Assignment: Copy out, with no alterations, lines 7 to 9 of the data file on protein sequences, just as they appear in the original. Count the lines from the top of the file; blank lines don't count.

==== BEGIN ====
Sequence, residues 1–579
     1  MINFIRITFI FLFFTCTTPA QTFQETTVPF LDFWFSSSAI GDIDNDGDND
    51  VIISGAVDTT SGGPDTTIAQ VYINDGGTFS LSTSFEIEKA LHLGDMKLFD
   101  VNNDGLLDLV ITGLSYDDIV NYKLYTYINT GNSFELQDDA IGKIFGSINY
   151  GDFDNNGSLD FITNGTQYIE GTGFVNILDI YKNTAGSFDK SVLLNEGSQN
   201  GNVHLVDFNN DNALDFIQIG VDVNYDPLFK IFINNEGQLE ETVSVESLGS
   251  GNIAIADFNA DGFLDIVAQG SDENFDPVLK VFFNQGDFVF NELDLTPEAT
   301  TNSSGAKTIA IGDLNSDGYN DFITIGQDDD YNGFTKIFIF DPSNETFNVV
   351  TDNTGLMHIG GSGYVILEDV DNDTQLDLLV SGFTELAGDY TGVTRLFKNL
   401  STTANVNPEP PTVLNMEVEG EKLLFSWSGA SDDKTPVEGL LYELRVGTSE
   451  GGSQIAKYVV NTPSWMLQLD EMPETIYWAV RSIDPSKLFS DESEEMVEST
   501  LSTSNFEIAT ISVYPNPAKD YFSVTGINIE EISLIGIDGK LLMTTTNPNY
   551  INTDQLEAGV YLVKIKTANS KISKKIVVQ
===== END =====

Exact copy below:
   251  GNIAIADFNA DGFLDIVAQG SDENFDPVLK VFFNQGDFVF NELDLTPEAT
   301  TNSSGAKTIA IGDLNSDGYN DFITIGQDDD YNGFTKIFIF DPSNETFNVV
   351  TDNTGLMHIG GSGYVILEDV DNDTQLDLLV SGFTELAGDY TGVTRLFKNL